It happens every spring-baseball opening day. Here in Tampa Bay it is always a big event. For the past two months spring training has provided baseball games almost every day here in Florida. We have the Blue Jays in Dunedin, the Phillies in Clearwater, The Yankees in Tampa, The Pirates in Bradenton, the Tigers in Lakeland, and many others nearby.
Baseball is a tradition that brings us all together regardless of political views, religious beliefs, or which side of a legal issue we may be on. It may be because Spring Time is a time of renewal and new hope whether it is for our favorite team or for other things in life.
Baseball is an athletic sport but it is also a thinking game. The odds and probabilities for each part of the game change with every pitch, every strike or ball, and every out. The strategy behind coaching baseball involves as a basic principle making decisions that statistically have the best chance for success for the game. For example, a hitting decision to take (not swing) at the fourth pitch if the count is 3 balls and no strikes. This decision to take applies even if the fourth pitch is an easy strike right up the middle. Statistically, taking that fourth pitch will be the right decision if applied consistently over many games.
Representing clients as a trial lawyer involves many of the same principles as coaching baseball. We cannot control past facts or plays so we have to make decisions for our clients based upon the best probability of success for the remainer of the case. Good legal decisions will result in better success in more cases over time but cannot guarantee success in any one case.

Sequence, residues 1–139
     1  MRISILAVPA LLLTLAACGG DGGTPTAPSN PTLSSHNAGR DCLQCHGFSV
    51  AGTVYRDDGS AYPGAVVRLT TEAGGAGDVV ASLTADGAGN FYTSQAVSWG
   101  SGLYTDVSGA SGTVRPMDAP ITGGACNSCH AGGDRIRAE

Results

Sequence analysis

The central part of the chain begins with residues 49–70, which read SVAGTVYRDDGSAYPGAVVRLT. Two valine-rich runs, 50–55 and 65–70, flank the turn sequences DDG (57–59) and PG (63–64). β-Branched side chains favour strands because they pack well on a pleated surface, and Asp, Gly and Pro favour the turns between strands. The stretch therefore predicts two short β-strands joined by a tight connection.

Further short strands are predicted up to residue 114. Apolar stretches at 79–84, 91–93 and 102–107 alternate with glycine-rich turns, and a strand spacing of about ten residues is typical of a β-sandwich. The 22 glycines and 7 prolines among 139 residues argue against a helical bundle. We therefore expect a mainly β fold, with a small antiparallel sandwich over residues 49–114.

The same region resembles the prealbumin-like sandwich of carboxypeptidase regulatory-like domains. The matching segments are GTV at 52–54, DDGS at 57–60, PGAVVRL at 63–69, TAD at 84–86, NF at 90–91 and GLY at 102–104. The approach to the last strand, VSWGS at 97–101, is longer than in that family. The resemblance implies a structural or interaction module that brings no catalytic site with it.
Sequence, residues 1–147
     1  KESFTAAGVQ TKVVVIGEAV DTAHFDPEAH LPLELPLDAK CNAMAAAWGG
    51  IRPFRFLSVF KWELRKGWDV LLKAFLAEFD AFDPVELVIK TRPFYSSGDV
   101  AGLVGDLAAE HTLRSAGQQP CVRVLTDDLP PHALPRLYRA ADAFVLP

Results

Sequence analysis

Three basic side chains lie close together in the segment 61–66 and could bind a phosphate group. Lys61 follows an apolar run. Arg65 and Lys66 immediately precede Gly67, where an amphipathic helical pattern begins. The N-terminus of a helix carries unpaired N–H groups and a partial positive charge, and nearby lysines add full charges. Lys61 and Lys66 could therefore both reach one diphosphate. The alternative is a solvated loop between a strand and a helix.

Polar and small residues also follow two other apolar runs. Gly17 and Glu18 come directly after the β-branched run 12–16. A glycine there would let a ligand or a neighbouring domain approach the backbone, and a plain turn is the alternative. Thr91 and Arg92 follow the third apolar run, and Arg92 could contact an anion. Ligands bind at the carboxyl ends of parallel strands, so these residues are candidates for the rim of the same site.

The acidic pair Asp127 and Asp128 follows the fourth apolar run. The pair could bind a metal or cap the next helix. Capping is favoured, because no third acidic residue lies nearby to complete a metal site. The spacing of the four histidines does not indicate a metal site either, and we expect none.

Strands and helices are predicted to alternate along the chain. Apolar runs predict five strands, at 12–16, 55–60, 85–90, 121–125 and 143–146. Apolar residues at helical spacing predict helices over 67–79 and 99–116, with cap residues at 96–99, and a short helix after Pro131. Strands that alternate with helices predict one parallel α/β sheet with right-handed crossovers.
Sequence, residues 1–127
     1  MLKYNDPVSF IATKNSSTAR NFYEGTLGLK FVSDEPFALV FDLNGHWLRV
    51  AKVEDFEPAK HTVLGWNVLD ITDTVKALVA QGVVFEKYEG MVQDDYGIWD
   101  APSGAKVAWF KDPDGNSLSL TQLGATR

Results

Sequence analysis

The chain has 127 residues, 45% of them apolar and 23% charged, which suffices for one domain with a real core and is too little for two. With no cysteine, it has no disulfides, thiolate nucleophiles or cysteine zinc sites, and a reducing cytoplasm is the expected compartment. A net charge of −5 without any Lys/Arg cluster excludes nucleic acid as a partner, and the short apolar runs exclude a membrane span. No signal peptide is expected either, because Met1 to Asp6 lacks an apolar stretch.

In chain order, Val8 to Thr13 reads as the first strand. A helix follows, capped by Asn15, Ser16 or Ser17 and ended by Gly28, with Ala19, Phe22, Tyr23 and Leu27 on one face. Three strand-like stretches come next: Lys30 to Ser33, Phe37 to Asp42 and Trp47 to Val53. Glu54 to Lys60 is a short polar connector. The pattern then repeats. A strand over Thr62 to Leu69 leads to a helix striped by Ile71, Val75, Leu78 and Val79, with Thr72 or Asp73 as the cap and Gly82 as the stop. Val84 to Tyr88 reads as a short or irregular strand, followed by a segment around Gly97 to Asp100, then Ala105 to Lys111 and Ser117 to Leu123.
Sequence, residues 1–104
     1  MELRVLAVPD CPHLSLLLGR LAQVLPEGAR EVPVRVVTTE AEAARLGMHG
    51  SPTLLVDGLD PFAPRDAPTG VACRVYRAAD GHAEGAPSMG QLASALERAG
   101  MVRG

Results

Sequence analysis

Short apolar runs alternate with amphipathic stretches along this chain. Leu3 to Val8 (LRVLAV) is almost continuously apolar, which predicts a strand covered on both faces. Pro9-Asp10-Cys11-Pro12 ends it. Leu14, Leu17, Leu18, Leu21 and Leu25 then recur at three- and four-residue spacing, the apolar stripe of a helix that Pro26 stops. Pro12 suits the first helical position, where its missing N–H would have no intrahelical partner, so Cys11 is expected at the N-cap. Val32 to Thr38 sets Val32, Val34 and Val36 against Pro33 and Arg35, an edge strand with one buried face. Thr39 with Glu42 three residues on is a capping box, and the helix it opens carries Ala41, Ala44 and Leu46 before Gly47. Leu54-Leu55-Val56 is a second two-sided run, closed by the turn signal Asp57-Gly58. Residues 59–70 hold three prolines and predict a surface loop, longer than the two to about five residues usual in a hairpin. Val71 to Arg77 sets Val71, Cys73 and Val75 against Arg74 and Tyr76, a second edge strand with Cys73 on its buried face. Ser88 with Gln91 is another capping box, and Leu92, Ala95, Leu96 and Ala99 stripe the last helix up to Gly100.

Legal cases are driven by their individual facts many of which may be in place before the lawyer is involved. Similiarly, baseball results may be driven by the players drafted for the team, players out due to injuries, or players having slumps or hot streaks. I am not a believer in superstition in baseball or in legal cases. However, both baseball and law have venerable traditions of superstition which I view as an interesting diversion for entertainment purposes only.
I think many successful trial lawyers are baseball fans because of the similarities between the thinking processes and the enjoyment of a good competition. Good competition occurs in the courtroom in the trial of a lawsuit as well as on the baseball field.
Well, it is time for me to sign off here to head to the ball park in St. Petersburg to see the Tampa Bay Rays play the season opener against the Baltimore Orioles. And no, I will not be pitching, I am not the Joe Saunders that pitches for the Arizona Diamondbacks. I will be a spectator. My own baseball days were many years ago but my head is still in the game.
Time to come together and Play Ball America!
Admitted to practice law in all federal multidistrict litigation courts, the California State Bar and the Florida Bar. His philosophy is to provide aggressive, quality representations and seek fair compensation for individuals and their families who have suffered injury, death, or sexual abuse.
Tough day for the Sox, but still was excited about it.
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